Both Sir Thomas Wyatt in his poem ‘The Lover describeth his being stricken with sight of his Love’ and Sir Philip Sidney in his poem ‘You That With Allegory’s Curious Frame’ use different possibilities of the sonnet form and adapt to suit their own thematic purposes.
Sir Philip Sidney’s poem is closest to the English sonnet in its form - Compare poems introduction. Taking into account the structure of the verse and the use of iambic pattern, it can be viewed as a variation of this sonnet form. Structurally, the English sonnet consists of three quatrains and a couplet, and so does the verse ‘You That With Allegory’s Curious Frame’. The conventional rhyme scheme of the English sonnet is a-b-a-b, c-d-c-d, e-f-e-f, g-g. Sir Philip Sidney uses the following rhyme scheme: a-b-b-a, a-b-b-a, c-d-c-d, e-e. Eventually, the rhyme scheme can be seen as a combination of the Italian and English sonnet forms.
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As for the utility of using such a form, the English sonnet offers the concept of a volta, or an unexpected twist in the last two lines, the couplet. Sir Philip Sidney suggests a rather daring idea in the couplet that is different from the overall thematic preoccupation of the verse. In the volta, he speaks of Love as the ultimate driving force behind his poetry, while in the quatrains he discussed the value of artistic simplicity as opposed to excessive reliance on allegory and philosophy.
The rhyme scheme of Sir Thomas Wyatt’s verse is the same as Sir Philip Sidney’s poem. As for the practical importance of using a variation of the English sonnet, Wyatt also uses the volta. Sir Thomas Wyatt gives all the necessary background information in the first three quatrains. The concluding two lines represents a move from specific to general when the poet starts speaking about abstract experiences and comparing his own experiences to them. This is a rather typical poetic device employed by many poets who preferred the sonnet form. At the same time, the division line between the quatrains and the volta serves the purpose of multiplying the strength of the climactic resolution. The ultimate manifestation of such a resolution is to be found in the last line of the poem when the poet speaks of hearing the ‘fearful thunder’; however, all the preceding lines of the volta are inherently linked to the climactic last line.
Both poets use perfect rhymes. Sir Thomas Wyatt in the first two quatrains relies on masculine rhyme (i.e. the stress is on the last syllable); in the third quatrain and the couplet, however, feminine rhyme is present (i.e. the stress is on the second from last syllable). Sir Philip Sidney uses masculine rhyme throughout the verse.
Speaking about the poetical devices utilized by the poets, Sir Philip Sidney uses an apostrophe. An apostrophe is an address, either to someone who is absent and therefore cannot hear the speaker or to something nonhuman that cannot comprehend. Apostrophe often provides a speaker with the opportunity to think aloud. Sidney addresses ‘You that with allegory’s curious frame’ which implies that he addresses an impersonal and broad audience of people. Another important literary device used in the poem is hyperbole. Hyperbole is a boldly exaggerated statement that adds emphasis without intending to be literally true. It is present in the following lines:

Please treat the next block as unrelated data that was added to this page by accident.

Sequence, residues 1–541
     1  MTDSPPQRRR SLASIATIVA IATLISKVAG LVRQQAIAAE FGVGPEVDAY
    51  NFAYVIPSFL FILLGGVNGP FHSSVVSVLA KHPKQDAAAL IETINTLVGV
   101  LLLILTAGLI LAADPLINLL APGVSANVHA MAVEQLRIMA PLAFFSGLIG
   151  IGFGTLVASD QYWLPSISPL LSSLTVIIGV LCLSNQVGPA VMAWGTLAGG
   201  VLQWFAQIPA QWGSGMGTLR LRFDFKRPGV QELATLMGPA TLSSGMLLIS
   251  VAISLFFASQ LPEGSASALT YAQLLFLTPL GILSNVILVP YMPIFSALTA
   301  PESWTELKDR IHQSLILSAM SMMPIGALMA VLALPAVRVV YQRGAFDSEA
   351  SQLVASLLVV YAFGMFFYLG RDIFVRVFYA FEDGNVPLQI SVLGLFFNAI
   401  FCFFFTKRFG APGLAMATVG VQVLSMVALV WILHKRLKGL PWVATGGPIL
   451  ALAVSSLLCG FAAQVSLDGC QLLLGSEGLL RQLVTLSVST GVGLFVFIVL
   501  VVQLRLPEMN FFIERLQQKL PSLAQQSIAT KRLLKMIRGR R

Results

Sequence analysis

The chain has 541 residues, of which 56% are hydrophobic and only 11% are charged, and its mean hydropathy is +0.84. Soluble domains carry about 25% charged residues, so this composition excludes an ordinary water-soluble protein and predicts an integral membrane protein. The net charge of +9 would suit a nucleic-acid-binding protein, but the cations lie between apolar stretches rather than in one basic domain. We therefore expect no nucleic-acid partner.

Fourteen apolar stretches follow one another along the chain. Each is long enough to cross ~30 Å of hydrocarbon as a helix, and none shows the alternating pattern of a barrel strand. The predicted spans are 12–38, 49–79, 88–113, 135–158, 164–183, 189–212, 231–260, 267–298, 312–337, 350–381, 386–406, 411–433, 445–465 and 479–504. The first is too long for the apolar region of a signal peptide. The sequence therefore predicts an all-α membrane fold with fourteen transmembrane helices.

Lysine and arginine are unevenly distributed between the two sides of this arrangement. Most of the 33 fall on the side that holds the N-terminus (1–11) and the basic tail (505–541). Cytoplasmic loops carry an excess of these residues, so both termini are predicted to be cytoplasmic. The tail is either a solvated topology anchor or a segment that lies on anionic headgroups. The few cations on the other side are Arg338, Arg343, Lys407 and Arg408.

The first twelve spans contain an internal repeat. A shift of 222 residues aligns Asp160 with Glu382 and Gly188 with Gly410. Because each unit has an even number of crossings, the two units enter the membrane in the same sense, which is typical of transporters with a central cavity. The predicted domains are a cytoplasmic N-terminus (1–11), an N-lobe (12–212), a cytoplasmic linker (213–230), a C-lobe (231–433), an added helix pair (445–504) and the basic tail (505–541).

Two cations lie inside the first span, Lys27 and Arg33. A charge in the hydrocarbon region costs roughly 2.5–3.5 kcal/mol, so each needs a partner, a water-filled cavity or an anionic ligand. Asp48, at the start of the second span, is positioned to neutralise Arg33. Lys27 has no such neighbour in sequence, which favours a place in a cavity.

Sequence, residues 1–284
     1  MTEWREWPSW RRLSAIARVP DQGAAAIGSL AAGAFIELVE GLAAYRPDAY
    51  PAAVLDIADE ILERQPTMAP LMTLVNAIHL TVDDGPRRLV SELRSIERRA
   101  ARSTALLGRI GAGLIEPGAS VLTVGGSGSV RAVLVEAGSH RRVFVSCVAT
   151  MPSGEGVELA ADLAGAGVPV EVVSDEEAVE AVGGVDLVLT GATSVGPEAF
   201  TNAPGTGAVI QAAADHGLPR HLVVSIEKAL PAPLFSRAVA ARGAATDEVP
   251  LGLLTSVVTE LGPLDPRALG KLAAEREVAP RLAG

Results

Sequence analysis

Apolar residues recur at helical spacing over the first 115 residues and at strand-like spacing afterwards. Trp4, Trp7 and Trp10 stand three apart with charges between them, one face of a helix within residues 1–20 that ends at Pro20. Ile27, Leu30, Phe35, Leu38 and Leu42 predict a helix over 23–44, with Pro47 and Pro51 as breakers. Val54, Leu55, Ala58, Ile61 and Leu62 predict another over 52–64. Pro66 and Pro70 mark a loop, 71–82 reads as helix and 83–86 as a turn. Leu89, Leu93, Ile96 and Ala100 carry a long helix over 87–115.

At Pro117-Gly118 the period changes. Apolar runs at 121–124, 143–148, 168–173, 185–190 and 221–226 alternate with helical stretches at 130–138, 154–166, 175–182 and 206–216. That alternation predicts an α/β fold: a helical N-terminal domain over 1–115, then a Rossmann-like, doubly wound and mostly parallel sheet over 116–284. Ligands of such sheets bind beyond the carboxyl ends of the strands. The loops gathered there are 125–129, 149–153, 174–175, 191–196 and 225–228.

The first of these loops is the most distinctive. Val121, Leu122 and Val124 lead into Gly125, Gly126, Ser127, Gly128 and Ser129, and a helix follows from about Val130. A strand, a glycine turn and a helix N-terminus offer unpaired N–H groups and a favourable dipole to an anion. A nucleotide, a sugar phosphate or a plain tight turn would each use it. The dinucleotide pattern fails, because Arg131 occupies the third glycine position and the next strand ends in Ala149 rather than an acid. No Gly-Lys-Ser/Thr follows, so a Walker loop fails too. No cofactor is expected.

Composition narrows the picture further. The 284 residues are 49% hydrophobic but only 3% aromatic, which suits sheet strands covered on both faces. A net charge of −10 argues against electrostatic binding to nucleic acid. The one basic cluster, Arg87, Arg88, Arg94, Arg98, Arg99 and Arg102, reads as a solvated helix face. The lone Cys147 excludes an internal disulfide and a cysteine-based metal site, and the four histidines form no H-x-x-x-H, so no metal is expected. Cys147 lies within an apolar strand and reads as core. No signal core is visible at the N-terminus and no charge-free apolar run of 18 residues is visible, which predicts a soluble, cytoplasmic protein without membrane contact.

‘When I say ‘Stella,’ I do mean the same / Princess of Beauty, for whose only sake / The reins of Love I love…’
Calling his object of desire ‘Princess of Beauty’ implies ascribing nearly-supernatural attributes to her for the purposes of enhanced poetic expression.
Sir Thomas Wyatt relies on the use of metaphor in the following lines:
‘Of one stricken with dint of lightning / Blind with the stroke, and crying here and there / So call I for help…’
Metaphor, as a comparison of seemingly unlike objects or processes, consists of two parts, namely the tenor (the object certain qualities are attributed to) and vehicle (the object from which these qualities are borrowed). In this case, the poet himself is the tenor, while a person stricken with dint of lightning is the vehicle.
Speaking about the overall tone and message of the two sonnets, they share the chief thematic preoccupation, namely the power of love. However, Sir Thomas Wyatt seems to be overpowered by the forces of love; he compares them to the devastating manifestations of nature, like lightning or storm. The tone of his sonnet is less optimistic as compared to ‘You That With Allegory’s Curious Frame.’
While it seems that the main theme of Sir Philip Sidney’s verse is the discussion of the utility of using rhetorical figures and philosophical concepts in poetry, the theme of love still runs all through the poem. At first, poetic description of love is used as an example of how artistic simplicity is effective; in the concluding lines, love is admitted to be the source of artistic inspiration and the poet’s purpose.